Dialogical cognition

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Abstract

In this article we review Per Linell's work within the last five decades that led to his dialogism framework, which he defines as a general epistemology of language, cognition and communication. We critically discuss how his contribution on the one hand, altered and qualified existent models within language, communication and cognitive science, because dialogism removed language and cognition from their abstract and mental seat in the brain, and embedded them instead in situational contexts and embodied interaction. In that sense, his dialogism successfully replaced monological assumptions about the mind, action and thinking with more contextual and temporally distributed ones. On the other hand, we also question why Linell has not pursued a more rigorous empirical program for studying human cognition, when he did establish a theoretical apparatus for approaching cognition from a dialogical starting point. In going through Linell's arguments over the past five decades we suggest that this absence of an empirical program is due to his humanistic roots which both have sensitised him to appreciating the contingencies and dynamics of human sense making and cognition, and have impeded him from buying into a necessary condition for pursuing a cognitive analysis, even if he conceptually and methodologically accepts a distributed view on cognition. The outcome of this discussion leads to an empirical-based cognitive analysis of a medical interaction. Altogether, the purpose of this article is to show how Linell's conceptual framework can be put to use in ways that make a dialogical cognitive science achievable.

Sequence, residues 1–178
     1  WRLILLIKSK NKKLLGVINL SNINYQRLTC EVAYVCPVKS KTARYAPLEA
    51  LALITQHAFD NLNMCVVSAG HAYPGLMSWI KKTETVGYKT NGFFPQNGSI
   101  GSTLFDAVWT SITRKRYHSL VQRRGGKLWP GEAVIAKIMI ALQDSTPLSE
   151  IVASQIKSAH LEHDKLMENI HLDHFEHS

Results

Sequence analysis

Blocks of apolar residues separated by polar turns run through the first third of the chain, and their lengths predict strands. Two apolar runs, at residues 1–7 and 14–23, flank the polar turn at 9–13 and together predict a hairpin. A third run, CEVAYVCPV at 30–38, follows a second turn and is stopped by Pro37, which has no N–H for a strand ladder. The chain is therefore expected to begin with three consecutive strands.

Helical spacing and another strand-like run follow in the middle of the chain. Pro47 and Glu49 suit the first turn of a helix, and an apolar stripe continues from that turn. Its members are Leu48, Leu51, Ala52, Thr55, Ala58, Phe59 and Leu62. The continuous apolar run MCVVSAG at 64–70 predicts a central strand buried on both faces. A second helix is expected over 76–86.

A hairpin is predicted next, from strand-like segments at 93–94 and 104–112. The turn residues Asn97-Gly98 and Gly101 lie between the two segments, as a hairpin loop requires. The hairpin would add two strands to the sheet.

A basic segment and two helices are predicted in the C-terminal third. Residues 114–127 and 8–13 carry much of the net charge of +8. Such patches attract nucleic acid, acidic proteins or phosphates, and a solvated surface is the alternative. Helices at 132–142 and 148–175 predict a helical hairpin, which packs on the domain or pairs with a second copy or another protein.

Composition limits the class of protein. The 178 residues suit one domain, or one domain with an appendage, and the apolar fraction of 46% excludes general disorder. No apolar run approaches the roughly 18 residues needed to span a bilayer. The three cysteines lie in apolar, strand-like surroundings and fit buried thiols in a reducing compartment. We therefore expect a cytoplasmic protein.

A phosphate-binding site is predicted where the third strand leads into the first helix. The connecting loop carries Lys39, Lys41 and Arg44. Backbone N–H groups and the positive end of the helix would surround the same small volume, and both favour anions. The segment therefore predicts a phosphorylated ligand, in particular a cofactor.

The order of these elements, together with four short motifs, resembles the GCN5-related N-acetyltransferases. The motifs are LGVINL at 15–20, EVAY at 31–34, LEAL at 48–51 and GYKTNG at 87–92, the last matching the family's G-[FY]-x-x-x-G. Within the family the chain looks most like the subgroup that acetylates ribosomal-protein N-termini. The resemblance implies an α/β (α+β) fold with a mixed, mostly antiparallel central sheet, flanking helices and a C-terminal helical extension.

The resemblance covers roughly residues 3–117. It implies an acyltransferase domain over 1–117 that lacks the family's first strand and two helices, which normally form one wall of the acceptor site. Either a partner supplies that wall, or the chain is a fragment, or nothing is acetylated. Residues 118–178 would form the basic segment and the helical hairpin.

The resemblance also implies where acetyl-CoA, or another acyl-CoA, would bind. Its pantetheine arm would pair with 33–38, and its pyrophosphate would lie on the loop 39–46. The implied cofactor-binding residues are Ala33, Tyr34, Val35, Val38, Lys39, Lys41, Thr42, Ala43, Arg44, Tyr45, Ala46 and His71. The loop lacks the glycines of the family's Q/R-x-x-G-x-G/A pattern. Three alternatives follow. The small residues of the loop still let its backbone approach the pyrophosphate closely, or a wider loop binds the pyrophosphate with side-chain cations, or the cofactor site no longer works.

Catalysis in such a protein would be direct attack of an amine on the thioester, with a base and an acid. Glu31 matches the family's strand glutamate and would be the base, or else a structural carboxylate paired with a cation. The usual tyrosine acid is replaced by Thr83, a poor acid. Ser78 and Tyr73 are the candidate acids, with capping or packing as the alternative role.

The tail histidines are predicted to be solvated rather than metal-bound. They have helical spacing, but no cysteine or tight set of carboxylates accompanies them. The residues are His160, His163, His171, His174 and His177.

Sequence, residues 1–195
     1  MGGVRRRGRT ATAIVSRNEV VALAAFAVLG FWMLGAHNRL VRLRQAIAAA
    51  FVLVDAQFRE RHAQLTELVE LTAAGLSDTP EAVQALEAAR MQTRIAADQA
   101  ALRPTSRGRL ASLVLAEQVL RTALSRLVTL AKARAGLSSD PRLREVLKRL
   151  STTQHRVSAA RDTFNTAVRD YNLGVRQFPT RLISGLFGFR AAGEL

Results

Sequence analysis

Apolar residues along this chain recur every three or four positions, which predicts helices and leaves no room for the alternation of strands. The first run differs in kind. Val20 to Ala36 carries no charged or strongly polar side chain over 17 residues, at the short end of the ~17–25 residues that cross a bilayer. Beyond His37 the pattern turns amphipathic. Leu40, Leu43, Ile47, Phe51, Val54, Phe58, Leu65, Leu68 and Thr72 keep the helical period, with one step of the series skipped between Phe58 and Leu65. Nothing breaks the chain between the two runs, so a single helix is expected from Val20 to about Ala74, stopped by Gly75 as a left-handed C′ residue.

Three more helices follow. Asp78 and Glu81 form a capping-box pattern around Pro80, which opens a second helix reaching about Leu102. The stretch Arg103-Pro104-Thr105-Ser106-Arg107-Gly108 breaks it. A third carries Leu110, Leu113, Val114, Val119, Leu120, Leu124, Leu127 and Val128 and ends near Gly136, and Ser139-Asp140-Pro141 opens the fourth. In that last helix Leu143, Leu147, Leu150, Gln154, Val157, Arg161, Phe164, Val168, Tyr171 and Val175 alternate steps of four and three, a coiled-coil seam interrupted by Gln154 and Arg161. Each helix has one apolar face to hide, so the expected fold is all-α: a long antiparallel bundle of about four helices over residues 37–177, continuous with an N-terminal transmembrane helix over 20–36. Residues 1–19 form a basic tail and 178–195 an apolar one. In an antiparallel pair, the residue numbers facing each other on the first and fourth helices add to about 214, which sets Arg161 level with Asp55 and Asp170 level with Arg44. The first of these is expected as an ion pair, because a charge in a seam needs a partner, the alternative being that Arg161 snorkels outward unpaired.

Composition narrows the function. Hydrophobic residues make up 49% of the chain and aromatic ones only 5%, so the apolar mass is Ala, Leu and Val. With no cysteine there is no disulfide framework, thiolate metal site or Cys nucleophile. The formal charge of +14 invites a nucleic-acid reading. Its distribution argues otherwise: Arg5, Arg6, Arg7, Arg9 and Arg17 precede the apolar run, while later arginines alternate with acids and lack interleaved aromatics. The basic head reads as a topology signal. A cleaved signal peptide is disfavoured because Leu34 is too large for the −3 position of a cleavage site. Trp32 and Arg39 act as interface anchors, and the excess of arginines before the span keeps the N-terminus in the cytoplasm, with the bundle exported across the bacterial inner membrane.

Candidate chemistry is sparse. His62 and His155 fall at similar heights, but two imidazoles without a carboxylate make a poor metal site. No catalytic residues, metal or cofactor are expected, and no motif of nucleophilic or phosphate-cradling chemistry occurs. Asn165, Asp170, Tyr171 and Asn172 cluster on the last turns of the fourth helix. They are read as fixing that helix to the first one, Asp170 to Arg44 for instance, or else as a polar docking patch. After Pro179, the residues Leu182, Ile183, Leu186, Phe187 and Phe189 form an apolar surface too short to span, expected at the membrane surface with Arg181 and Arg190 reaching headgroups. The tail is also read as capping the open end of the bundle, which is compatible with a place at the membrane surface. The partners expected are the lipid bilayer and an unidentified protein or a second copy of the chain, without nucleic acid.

OriginalsprogEngelsk
Artikelnummer101615
TidsskriftLanguage Sciences
Vol/bind103
Antal sider17
ISSN0388-0001
DOI
StatusUdgivet - maj 2024

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